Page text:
Stonecoasters Unite: Writing and Working for Social Change

by Elizabeth Searle

Ellen Meeropol and Ruthie Rhode leading the Social Change seminar this summer.  photo courtesy of Elizabeth Searle

Ellen Meeropol and Ruthie Rohde leading the Social Change seminar at the Stonecoast summer residency.

In describing her own commitment to activism, Stonecoast alumna and author Ellen Meeropol quotes Alice Walker: “Activism is my rent for living on the planet.”

Fellow SC alumna Ruthie Rohde has spent years helping homeless and other disenfranchised people tell their stories.  Ruthie quotes author Pat Schneider to explain that not knowing how to put stories together can be a “learned disability.”  Ruthie says she helps her students realize that they all have “treasures waiting to be brought to the surface.”

Elli and Ruthie have both stepped up to the plate this summer to lead a seminar about uniting Stonecoast students, faculty, and alumni who are interested in writing and working for social change.

“My goal for the initiative is to jump-start discussion about writing and social change into the Stonecoast curriculum and culture,” says Elli.  “I want people to consider these issues as they write, critique, publish, and develop their writing practice and writing life.”

photo courtesy of Elizabeth Searle

Discussion during the Social Change seminar.

Stonecoast MFA has always encouraged a proactive approach to social issues.  In its early years, the program developed a writing “track” for students interested in focusing on social change. Many Stonecoast students have created “social change” projects during their third semesters.  Through the years, Stonecoast students have taken on projects ranging from teaching memoir classes for the elderly to working with “at-risk” teenagers to leading dance and movement therapy classes at a women’s shelter.

Many SC faculty members are active on social issues as well.  I served on the executive board of PEN/New England for more than a decade, where I focused on children’s literacy projects.  Suzanne Strempek Shea has led writers’ workshops for those who have experienced trauma, including cancer patients and victims of recent tornadoes in Western Massachusetts.  Suzanne and I were both happy to take part in the Writing for Social Change seminar and discussion led by Elli and Ruthie at the summer, 2013 SC residency.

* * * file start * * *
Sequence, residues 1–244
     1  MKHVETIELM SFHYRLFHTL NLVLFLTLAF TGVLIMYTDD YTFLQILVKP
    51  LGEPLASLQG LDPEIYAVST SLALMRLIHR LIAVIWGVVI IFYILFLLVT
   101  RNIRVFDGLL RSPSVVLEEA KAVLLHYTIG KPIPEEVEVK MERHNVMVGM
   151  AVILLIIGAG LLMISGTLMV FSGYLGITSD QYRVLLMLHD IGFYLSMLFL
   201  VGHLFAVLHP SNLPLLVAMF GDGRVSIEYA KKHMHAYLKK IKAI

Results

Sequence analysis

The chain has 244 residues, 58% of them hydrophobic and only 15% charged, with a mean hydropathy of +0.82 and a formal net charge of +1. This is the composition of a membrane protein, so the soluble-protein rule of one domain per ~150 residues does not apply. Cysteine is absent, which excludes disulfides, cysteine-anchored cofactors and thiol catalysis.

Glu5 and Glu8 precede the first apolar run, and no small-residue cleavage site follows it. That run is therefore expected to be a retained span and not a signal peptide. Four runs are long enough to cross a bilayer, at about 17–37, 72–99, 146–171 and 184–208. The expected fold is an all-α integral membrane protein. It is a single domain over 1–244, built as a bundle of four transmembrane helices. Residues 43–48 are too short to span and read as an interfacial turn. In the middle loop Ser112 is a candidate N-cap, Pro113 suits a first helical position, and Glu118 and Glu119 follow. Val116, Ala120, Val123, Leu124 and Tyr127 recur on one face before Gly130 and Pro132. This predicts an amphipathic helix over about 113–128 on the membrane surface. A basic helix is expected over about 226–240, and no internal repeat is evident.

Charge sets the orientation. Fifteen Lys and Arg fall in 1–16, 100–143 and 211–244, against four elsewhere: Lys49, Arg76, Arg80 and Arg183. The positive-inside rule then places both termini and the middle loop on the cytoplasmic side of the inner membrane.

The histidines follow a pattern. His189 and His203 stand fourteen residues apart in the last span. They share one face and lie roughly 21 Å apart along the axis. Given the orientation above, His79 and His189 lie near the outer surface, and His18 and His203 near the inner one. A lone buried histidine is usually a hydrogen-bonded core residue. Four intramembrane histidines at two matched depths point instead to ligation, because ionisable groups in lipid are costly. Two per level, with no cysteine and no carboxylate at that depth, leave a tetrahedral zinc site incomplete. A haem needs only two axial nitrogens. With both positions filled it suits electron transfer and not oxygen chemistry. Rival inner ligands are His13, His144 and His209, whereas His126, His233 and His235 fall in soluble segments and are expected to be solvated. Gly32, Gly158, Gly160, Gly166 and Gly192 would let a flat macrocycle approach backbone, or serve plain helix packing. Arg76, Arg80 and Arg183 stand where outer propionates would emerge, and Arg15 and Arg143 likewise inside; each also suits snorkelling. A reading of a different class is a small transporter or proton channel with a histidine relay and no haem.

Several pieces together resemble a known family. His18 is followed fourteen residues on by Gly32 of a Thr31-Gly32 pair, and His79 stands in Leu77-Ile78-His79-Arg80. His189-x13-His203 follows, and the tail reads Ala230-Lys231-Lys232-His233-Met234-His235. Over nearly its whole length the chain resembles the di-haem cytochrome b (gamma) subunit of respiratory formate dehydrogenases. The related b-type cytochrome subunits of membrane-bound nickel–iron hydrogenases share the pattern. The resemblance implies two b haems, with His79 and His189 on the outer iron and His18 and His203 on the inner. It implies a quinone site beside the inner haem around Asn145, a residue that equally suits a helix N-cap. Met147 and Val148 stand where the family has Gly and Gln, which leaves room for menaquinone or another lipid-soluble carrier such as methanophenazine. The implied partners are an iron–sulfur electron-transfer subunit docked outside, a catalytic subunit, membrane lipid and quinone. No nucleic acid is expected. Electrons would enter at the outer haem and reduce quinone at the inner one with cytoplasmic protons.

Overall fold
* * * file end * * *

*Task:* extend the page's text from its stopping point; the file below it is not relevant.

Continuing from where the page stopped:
Elizabeth Searle and Kristabelle Munson

Elizabeth Searle and Kristabelle Munson

Among the students gathered for the discussion was a current student interested in working with fellow military veterans to tell their stories and a first-semester student, Kristabelle Munson, who has taken on the role of New York’s Stoneocast “regional coordinator.”

With the advent of Stonecoast MFA’s regional communities in the Northeast, Southeast, Midwest, and West, Elli and Ruthie are helping to spearhead the effort to bring together information and support for Stonecoasters nationwide involved in a wide range of issues.

“Ruthie and I are working on making the resources section of the Writing for Social Change page on the Stonecoast website more robust,” Elli explains.  “And, at the discussion circle, there was talk of creating some kind of community discussion forum on this subject.”